On Jan. 10, a district court in Ohio sentenced Zrino Jukic of Cleveland to 37 months in prison and ordered him to pay nearly $1.7 million in restitution for a loan fraud and money laundering scheme that involved a banking officer and contributed to the April 2010 collapse of St. Paul Croatian Federal Credit Union. Jukic had previously pleaded guilty to charges stemming from the scheme. The scheme was just one of many the credit union's former chief operating officer, Anthony Raguz, helped to facilitate before he finally was caught, investigators say.
And on Jan. 2, in a district court in New York, a former bank teller and a former branch manager of Chemung Canal Trust Company Bank pleaded guilty to bank embezzlement charges that cost the bank at least $325,000 in a scheme that took nearly seven years to detect.
Both cases involved trusted employees with access to funds and authority to approve transactions - a dangerous combination, says Randy Trzeciak, the technical team lead of insider threat research for the CERT Program, part of the Software Engineering Institute at Carnegie Mellon University.
According to CERT's most recent insider threat research, studies of cases investigated by the Secret Service reveal that more than 50 percent of insider schemes involve employees in trusted positions, such as managers. And these crimes tend to go on under the radar, over extended periods of time, proving especially difficult to detect.
"These are usually trusted individuals in an organization," Trzeciak says. "Organizations struggle with implementing controls that are effective without adversely affecting employees' ability to do their jobs."
Organizations can implement automated or technical controls to restrict or limit access for certain individuals. But because most of these trusted individuals have logins and passwords to enter certain systems that manage those controls, they can override the technical measures put in place to detect insider schemes.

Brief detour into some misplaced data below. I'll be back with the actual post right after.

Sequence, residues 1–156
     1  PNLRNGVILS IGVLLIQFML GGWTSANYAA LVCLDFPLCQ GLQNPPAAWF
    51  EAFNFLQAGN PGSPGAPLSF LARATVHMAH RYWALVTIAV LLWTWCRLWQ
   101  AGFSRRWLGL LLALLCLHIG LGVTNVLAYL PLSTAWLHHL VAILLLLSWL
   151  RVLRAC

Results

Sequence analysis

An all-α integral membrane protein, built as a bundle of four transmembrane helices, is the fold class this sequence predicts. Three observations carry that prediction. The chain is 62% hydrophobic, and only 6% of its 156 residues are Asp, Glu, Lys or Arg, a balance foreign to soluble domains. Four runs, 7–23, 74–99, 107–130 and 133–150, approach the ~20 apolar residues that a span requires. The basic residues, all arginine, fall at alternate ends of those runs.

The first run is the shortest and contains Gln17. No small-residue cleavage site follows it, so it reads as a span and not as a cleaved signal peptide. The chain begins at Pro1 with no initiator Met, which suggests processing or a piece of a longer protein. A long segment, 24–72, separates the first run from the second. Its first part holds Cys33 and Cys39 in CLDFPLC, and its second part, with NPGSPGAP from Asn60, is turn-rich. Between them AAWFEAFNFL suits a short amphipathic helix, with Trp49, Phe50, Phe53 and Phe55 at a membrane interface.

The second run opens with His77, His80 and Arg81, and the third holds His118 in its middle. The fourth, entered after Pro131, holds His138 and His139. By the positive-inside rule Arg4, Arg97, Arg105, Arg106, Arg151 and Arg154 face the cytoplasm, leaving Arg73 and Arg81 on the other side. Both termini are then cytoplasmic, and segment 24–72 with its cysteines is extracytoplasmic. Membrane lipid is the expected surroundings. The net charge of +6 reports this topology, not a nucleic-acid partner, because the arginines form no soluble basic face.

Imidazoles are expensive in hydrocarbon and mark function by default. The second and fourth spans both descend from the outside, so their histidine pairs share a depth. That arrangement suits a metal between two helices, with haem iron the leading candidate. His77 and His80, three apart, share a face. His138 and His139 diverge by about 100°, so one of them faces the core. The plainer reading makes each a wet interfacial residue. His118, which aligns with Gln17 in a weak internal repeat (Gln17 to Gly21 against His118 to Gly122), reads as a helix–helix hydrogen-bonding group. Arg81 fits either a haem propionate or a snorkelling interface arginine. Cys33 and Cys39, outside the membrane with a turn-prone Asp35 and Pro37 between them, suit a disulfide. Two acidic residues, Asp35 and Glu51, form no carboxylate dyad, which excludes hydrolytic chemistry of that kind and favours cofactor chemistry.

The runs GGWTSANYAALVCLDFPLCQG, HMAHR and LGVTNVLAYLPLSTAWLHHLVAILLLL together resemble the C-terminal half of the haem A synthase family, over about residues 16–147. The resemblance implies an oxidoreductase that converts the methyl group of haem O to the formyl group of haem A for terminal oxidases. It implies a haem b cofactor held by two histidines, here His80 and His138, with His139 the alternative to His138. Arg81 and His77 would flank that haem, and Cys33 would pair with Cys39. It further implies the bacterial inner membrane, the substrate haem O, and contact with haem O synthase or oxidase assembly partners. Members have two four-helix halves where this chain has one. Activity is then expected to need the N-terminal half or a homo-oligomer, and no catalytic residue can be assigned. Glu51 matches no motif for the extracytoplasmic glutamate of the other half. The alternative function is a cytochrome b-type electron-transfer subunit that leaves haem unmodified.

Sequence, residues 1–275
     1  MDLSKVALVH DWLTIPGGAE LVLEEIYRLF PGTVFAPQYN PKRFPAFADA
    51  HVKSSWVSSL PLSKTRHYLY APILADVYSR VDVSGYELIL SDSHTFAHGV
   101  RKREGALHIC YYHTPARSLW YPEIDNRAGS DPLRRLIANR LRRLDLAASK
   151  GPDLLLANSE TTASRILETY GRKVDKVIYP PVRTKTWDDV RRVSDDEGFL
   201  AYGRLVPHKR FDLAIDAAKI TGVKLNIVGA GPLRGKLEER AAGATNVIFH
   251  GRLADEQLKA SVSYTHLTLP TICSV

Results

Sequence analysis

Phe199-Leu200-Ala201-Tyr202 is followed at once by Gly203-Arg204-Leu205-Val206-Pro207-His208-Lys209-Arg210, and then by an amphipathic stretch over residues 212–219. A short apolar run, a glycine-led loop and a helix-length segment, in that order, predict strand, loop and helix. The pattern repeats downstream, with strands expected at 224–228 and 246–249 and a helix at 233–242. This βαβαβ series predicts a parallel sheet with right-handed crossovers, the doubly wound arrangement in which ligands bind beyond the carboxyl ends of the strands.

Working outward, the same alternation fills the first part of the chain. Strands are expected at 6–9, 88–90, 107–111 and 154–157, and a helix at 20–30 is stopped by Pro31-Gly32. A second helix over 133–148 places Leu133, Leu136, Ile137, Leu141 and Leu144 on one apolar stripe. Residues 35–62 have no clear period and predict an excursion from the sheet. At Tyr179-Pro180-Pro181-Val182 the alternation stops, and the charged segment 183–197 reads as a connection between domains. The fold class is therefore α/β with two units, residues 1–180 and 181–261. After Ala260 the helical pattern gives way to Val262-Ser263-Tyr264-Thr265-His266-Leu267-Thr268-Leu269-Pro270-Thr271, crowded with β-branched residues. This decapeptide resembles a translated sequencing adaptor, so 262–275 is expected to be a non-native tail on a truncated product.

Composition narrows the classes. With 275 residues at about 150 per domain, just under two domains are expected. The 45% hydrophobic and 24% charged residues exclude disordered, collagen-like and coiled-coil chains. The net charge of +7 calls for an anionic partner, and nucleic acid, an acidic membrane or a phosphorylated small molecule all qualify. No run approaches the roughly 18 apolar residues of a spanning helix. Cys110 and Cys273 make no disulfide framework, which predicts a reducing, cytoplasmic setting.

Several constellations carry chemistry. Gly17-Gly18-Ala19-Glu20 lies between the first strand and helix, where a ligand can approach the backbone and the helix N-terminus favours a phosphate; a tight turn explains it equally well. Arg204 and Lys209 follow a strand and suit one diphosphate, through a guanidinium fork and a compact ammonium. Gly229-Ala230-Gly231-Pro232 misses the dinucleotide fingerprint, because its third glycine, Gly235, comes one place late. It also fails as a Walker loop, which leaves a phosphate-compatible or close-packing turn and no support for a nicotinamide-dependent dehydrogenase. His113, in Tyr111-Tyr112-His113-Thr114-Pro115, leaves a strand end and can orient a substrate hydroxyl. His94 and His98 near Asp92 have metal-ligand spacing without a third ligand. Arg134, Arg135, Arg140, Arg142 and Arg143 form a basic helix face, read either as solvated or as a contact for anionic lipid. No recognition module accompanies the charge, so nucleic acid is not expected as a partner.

"Defense in depth is the recommendation," Trzeciak says. "That includes IT controls and manual controls, like an audit process, to pick up on suspicious activity."

Latest Cases

In the Ohio case, Jukic was a co-owner of a small investment firm, the Zlato Group, along with Raguz, who also served as the defunct St. Paul Croatian Federal Credit Union's chief operating officer. Jukic defrauded the credit union by providing false information in connection with approximately 11 loan applications, according to court records. The proceeds from the bad loans allowed Jukic and Raguz to invest in certain business ventures through their company.
Authorities say Jukic laundered the money by transferring fraudulently obtained funds from a Zlato Group bank account to his own bank account to conceal the crime.
In November of 2012, Raguz was sentenced to 14 years in prison and ordered to pay more than $72.5 million in restitution for the role he played in the scheme with Jukic and others. Raguz' loan fraud schemes spanned 10 years and involved 1,000 fraudulent loans totaling more than $70 million to more than 300 account holders. He also accepted more than $1 million worth of bribes, kickbacks and gifts in exchange for the fraudulent loans he issued, investigators say.
In the end, Raguz' schemes led to one of the largest credit union failures in U.S. history, federal authorities say.
In the New York case, Megan Horton, a former branch manager, and Gwenn Gooding, a former head teller, pleaded guilty to embezzling $300,000 from Chemung Canal Trust Company Bank. A third conspirator and former teller of the bank, Shannon Moore, in December pleaded guilty to similar charges linked to her embezzlement of $25,000.
The scheme, which began in December 2004, wasn't uncovered until September 2011 when it was revealed by an audit related to disaster recovery efforts.
Horton, Gooding and Moore now each face maximum sentences of up to 30 years in prison and fines of up to $1 million.

Stronger Detection Needed

Schemes such as these are challenging to detect because the perpetrators don't have behaviors that raise flags, Trzeciak says.
"The amount of time the person is in the position before they commit fraud, on average, is five years, based on research from the Secret Service," he says. "That allows the individuals to develop some form of trust," so their actions aren't questioned, even when they should be.